Nearly 350 potential victims of sexual exploitation and forced labour have been rescued in an INTERPOL-coordinated operation targeting human trafficking in the Caribbean, Central and South America.
In a statement on its website the International Criminal Police Organi-zation (INTERPOL) noted that more than 500 police officers in 13 countries also arrested 22 individuals during Operation Libertad which was conducted for April 3-9 2018. The operation was held under the INTERPOL Project to Combat Human Trafficking in the Caribbean.
INTERPOL explained that with thousands looking to cross borders in search of work, traffickers are targeting the most desperate and vulnerable members of society with promises of a better life.
“Both men and women, including minors, were discovered working in night clubs, farms, mines, factories and open-air markets,” the statement noted adding that because they can earn more than they would in their home countries, some victims don’t identify as such, making it difficult to gather evidence and prosecute cases of suspected trafficking while other victims are manipulated and intimidated into providing false information.
Cem Kolcu, Coordinator of INTERPOL’s Traffick-ing in Human Beings unit added that “what traffickers don’t advertise are the working conditions their victims will be subject to once their final destination is reached. During this operation, we identified women being forced to work out of spaces no bigger than coffins, for example.”
In Guyana specifically young women were found working as prostitutes next to extremely remote gold mines, from which they could not escape, a common modus operandi as the geographical location of the mines also complicates investigations.
“Isolated locations make it difficult for officers to avoid detection when travelling to these camps. By the time intelligence is acted upon, perpetrators have had the opportunity to act and move the victims,” Assistant Director of Public Prosecutions Diana O’Brien is quoted as saying.
Meanwhile in Saint Vincent and the Grenadines, Asian ‘employees’ at a factory had been stripped of their passports and made to be completely dependent. Having never received wages, they relied on their handlers for housing, transport, food and the most basic necessities.
“With similar examples across the region, this highlights the need to raise awareness amongst vulnerable communities in both source and destination countries and to ensure appropriate support mechanisms are in place,” statement stresses.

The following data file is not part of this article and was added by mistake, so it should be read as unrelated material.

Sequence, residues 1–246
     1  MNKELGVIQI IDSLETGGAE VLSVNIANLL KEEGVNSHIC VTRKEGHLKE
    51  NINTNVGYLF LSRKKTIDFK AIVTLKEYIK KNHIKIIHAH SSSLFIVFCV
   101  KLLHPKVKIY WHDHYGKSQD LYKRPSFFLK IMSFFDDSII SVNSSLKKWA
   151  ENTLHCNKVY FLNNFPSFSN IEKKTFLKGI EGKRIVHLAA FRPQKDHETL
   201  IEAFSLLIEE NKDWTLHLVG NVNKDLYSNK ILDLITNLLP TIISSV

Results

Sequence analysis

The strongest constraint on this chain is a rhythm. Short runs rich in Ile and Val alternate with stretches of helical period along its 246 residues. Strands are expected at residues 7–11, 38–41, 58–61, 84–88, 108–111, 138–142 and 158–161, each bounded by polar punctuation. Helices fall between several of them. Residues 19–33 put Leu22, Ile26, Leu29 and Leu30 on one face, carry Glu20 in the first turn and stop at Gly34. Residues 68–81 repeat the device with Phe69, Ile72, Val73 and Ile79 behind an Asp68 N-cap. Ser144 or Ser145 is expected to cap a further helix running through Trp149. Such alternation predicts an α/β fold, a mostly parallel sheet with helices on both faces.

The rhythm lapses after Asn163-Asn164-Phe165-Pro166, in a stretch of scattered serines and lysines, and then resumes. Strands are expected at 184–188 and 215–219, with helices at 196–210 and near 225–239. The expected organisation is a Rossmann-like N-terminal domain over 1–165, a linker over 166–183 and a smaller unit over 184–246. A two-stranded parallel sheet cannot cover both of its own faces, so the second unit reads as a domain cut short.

As part of the operations social services and NGOs were involved in conducting post-operation interviews and providing support services to victims.
Also quoted in the report was INTERPOL Executive Director of Police Services Tim Morris who said “operations like this show the power of INTERPOL providing a platform for the 13 participating countries, but what sits behind these numbers is the human story.”
“Whether it is someone’s mother, father, brother, sister, son or daughter, there is an intensely personal story that is usually – unfortunately – accompanied by a lot of suffering,” he concluded.
The operation was the culmination of the two-and-a-half year project funded by the Government of Canada, which provided specialized training to investigators and immigration officers in order to enhance operational expertise and regional coordination to combat human trafficking.
The programme is one of several projects under the INTERPOL Global Task Force on Human Trafficking, which received the backing of G7 Security Ministers last week.
Participating countries included Antigua and Barbuda, Aruba, Barbados, Belize, Brazil, Curacao, Guyana, Jamaica, Saint Lucia, Saint Vincent and the Grenadines, Trinidad and Tobago, Turks and Caicos Islands and Venezuela.
Over the six days of the operation Libertad coordination centre was hosted by the Joint Regional Communications Centre (JRCC) in Barbados with specialist officers from INTERPOL’s Trafficking in Human Beings unit deployed to the region.
Support was provided by the INTERPOL Command and Coordination Centre at the General Secretariat in Lyon, France and at the INTERPOL Regional Bureau in Buenos Aires, Argentina.
In addition to coordinated police raids, searches were carried out against INTERPOL’s criminal databases, generating 30 hits, including 25 for Stolen and Lost Travel Documents. Computer equipment, mobiles phones and cash were also seized.